Sixty per cent of the webinar audience viewed GDP growth driven by investment and population increase as critical, while another 23 per cent considered it desirable. Eight per cent of the audience felt this type of growth was unnecessary and another five per cent considered it damaging. Overall, our audience seemed to believe that the premier’s growth target was the right policy direction.

The second question dove a little deeper into the geography of GDP growth. Two per cent of respondents believed that their personal well-being would improve by moving to another province. Nineteen per cent believed that their well-being would improve from the growth of their local city economy. Another 36 per cent believed that their well-being was tied to the growth of the provincial economy, and 12 per cent saw their well-being improving with growth in the Maritime economy.

Thirty per cent of the audience believed that we should “Abandon the fixation on economic growth and pursue ends that sustainably improve health and well-being with the income we have and the population that chooses to live here”. So one third of the audience did not support growth as a primary objective for the province.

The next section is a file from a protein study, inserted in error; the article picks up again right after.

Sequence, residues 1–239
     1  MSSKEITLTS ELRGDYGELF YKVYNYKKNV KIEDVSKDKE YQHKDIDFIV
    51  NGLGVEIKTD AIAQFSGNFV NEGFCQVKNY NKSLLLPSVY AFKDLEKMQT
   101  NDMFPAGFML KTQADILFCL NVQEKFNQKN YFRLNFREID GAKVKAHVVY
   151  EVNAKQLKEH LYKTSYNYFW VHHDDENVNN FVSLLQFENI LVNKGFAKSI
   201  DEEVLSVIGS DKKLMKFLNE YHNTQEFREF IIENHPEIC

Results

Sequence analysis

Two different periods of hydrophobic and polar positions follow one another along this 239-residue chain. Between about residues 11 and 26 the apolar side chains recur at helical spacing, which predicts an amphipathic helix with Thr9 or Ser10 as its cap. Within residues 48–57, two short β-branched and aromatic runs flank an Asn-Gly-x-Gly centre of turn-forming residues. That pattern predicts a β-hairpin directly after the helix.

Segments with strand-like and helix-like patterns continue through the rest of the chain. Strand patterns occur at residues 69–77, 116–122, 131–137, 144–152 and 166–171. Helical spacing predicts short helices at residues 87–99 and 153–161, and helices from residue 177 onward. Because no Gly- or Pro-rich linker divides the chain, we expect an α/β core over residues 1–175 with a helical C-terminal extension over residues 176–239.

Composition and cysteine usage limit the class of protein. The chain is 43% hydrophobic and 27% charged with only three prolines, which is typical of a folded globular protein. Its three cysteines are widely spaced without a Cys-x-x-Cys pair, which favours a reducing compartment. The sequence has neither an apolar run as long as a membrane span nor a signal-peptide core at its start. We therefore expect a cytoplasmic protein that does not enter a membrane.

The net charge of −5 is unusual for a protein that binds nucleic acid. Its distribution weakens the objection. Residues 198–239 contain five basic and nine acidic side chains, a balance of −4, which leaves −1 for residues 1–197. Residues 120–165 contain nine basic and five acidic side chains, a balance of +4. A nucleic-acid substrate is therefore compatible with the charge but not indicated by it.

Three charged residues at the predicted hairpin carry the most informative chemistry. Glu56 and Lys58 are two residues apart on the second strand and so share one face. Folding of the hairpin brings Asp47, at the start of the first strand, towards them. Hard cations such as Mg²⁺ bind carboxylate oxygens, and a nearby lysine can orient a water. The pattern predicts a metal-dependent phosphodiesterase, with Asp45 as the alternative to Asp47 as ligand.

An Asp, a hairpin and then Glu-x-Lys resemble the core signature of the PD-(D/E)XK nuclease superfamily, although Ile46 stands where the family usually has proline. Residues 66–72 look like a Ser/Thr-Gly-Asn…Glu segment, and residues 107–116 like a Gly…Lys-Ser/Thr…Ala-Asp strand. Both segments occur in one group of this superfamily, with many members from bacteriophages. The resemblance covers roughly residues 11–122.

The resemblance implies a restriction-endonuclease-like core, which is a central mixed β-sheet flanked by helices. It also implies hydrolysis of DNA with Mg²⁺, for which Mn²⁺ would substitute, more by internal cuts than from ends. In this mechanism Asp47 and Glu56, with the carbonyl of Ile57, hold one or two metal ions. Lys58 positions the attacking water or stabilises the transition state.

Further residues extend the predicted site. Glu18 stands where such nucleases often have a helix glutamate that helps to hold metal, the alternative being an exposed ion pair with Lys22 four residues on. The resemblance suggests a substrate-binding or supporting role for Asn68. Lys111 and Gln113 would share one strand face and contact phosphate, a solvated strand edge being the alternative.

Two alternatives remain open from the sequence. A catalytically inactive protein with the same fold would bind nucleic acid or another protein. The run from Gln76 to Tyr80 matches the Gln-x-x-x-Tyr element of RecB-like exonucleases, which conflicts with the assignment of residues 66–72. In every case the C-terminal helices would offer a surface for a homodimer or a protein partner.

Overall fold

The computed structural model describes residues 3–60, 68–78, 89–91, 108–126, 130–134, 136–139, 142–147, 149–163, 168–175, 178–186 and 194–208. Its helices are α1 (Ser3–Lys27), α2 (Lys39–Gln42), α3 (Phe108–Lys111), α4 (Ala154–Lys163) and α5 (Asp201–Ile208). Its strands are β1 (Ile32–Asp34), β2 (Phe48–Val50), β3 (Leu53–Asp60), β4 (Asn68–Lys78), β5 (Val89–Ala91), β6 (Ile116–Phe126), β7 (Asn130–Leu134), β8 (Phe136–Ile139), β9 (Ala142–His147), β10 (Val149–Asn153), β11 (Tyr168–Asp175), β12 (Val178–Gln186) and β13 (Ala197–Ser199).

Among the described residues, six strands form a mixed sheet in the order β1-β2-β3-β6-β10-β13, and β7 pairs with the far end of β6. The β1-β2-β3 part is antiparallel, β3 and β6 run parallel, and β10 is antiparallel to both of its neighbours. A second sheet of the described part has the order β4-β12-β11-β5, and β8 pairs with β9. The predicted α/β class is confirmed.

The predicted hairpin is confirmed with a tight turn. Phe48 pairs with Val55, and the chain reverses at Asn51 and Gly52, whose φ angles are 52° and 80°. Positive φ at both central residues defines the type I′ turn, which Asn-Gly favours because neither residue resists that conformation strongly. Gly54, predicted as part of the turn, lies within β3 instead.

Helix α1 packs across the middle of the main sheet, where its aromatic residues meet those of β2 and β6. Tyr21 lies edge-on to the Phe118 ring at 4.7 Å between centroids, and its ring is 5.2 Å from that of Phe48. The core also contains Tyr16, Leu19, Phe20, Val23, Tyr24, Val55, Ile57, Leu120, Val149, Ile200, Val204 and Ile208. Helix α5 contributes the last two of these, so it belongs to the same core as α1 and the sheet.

Since at least 2006, the no-growth minority of the population has seen their preferred future for the province come to fruition. The province has chosen to pass up on growth based on exports and actively blocked investment in sectors of traditional strength. Public sector investment equals the value of private sector investment, which means that the government controls growth and development as much, if not more, than the private sector. New Brunswick has eliminated income inequality by culling the population of high income earners in the private sector.